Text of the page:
Bob Lefsetz is a music industry observer, and publisher of the Lefsetz letter:
“According to a source familiar with his thinking, Jobs has recognized that ‘mobile ads suck’ and that improving that situation will make Apple even harder to beat.”
-BusinessWeek-“Apple vs. Google“
Aren’t ads supposed to suck?
Google survives, quite nicely, on providing targeted ads. You may not click on them, but enough people do that Microsoft decided to invest zillions in a futile effort to compete (Bing’s market share of search just declined.)
But on a smart phone, where it’s frustratingly difficult to use the search function, what are the odds someone is going to click on the ads strung alongside the desired results, especially when the typeface is almost too small for anybody to read.
No, to survive, somehow you’ve got to put the ads inside the apps. And make those ads desirable to the surfer.
The Google Nexus One may have gotten a lot of media play, but sales suck. Still, prognosticators believe the Android platform will ultimately triumph, because Google is indomitable and the WinTel strategy is always best…license to others, swarm and defeat.
But the Android phone allows only a tiny number of apps to be installed. And there’s no vetting process, that’s one of the reasons that apps are kept separate in their tiny space, so as not to taint the rest of the phone’s memory, supposedly loaded with media that Google makes it almost impossible to transfer from your desktop to your phone.
Usability… On the Nexus One, it sucks. Syncing with Outlook is bad enough, but you install music via drag and drop? Didn’t that die with the Rio?
But that’s all secondary to delivering ads on smart phones. Developers have to be able to make money, if not, they won’t create the apps that Apple touts, three billion of which have already been downloaded.
And what has this got to do with music?
And what has this got to do with iPods?
The smart phone is killing the iPod. But Apple had to do this, to prepare for the future. And the company has to create viable advertising on the iPhone in order to continue to grow.
Contrast this with the record labels. Continuing to bank on the CD, so busy protecting what they’ve got that they can’t create what will help them survive in the future.
The future… It’s a vast unknown. But you’ve got to enter it if you want to survive. Or plan on cashing out soon, because the future arrives ever faster these days.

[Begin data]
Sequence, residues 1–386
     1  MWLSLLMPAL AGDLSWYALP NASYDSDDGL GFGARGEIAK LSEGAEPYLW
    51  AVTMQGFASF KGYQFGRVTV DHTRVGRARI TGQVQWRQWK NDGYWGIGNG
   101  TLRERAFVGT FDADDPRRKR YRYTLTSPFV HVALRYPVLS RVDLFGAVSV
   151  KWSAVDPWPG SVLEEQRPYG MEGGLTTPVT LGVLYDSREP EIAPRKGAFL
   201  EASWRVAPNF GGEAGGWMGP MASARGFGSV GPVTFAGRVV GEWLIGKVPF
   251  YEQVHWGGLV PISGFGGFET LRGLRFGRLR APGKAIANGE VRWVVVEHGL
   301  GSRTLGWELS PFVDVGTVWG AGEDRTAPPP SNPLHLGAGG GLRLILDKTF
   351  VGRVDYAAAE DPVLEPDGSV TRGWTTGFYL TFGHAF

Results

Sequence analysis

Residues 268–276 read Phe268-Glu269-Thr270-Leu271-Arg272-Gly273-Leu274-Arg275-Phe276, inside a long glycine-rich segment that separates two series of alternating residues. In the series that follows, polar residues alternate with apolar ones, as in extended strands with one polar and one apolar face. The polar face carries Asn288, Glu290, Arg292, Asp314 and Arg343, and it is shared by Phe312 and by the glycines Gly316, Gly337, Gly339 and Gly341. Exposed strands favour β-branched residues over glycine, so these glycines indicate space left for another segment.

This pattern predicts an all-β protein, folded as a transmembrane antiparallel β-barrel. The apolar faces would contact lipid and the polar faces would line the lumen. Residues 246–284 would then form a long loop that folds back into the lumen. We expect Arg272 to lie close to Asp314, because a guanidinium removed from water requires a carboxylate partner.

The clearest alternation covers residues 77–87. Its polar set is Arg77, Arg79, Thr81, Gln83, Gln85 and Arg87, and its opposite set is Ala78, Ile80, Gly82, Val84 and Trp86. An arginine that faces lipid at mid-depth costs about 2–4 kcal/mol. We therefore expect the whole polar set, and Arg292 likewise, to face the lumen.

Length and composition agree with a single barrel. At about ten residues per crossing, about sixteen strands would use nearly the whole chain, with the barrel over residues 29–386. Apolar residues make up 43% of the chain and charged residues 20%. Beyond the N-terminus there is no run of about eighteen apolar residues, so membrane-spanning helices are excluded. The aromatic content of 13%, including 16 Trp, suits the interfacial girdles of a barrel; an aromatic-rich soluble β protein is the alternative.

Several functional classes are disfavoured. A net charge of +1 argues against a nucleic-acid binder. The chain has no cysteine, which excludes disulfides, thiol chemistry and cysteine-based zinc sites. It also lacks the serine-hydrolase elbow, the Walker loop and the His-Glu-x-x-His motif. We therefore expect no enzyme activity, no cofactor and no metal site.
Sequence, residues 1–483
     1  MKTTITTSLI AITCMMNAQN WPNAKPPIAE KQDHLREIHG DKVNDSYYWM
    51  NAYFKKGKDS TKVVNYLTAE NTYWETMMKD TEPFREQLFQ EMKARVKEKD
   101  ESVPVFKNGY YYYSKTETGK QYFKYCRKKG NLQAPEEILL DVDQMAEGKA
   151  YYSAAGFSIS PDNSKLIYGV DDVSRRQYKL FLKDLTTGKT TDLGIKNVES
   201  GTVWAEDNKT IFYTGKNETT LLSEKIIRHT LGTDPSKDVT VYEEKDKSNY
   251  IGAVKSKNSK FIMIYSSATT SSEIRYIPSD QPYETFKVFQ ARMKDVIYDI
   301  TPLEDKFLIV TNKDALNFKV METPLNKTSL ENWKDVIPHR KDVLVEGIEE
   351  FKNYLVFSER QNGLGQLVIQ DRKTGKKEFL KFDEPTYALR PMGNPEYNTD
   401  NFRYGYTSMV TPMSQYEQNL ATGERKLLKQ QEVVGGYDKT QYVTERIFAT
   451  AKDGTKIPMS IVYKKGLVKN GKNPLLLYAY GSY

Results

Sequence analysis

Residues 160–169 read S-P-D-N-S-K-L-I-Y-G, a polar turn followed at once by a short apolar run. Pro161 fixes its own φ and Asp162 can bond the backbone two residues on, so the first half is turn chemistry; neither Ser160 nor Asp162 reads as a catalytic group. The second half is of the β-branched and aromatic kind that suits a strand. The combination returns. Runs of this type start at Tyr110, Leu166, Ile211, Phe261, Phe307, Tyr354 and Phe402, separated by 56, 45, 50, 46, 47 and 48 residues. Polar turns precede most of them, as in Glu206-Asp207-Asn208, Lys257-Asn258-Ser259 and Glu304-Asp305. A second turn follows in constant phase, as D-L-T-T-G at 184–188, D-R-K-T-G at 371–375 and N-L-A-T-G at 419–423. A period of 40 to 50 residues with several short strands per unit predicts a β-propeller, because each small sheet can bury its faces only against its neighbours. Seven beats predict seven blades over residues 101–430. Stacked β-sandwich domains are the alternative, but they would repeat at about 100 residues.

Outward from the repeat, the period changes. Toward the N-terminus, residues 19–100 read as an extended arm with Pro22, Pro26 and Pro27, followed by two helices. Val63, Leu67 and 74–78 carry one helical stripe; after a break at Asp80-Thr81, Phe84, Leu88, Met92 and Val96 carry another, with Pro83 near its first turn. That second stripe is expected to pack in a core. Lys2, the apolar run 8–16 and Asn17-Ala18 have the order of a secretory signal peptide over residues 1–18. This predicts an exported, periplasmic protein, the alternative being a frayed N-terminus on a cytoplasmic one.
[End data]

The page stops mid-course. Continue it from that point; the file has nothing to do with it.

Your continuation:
For all the innovation touted by the major labels, 360 deals, Vevo, where is the quantum leap, that makes people pay attention, that rains revenue? Seemingly every iPhone app is cooler than Vevo. And Vevo’s supposed to be the future?
Meanwhile, the labels are fighting with Apple when the Cupertino company could give a shit. Music doesn’t drive iPhones, it’s an afterthought, apps drive iPhone revenue…the labels just lost all their leverage. This is like content companies fighting ISPs and electronic manufacturers in Washington, D.C. Who does the most billing? Who can afford the best lobbyists? You’ve got to see when you can’t win and develop a new strategy.
The future of the music business is the development of new ways to get the public closer and more involved with music and the people who make it. Apple’s fans will seemingly buy anything and everything the company makes. This is the paradigm the music business invented, but has forgone. Not only does nobody want yesterday’s Top Forty artist’s music, nobody wants U2’s new album. Sure, the band can tour in extremely large venues, but what’s the long term play, other than squeezing more money out of Live Nation? The YouTube simulcast was a step forward, but in order to make us truly care, we’ve got to feel closer to the band, Bono has to stop pontificating in the “New York Times” and be available for feedback on the Internet.
Yes, we want to be able to reach our artists.
And seemingly every artist with traction wants to throw off the major label constraints and try new things. Nine Inch Nails is selling a DVD of footage created by fans. Shit, the majors don’t even want the fans to shoot video!
Apple is moving forward. Read this “BusinessWeek” story. It’s positively scary. Jobs & company are playing on a plane that most can’t even see. But we’re gonna get there. And if you want our revenue in the future, you’ve got to set up for years down the line right now.
Insanely great products.
We know what insanely great music is. We know what insanely great promotions are. Leverage these. Build loyalty. Bond users to you and super-serve them, field all complaints, sell people what they don’t even know they want and never ever tell them they’re wrong, be such a bright, shining star that they have no choice but to follow you.
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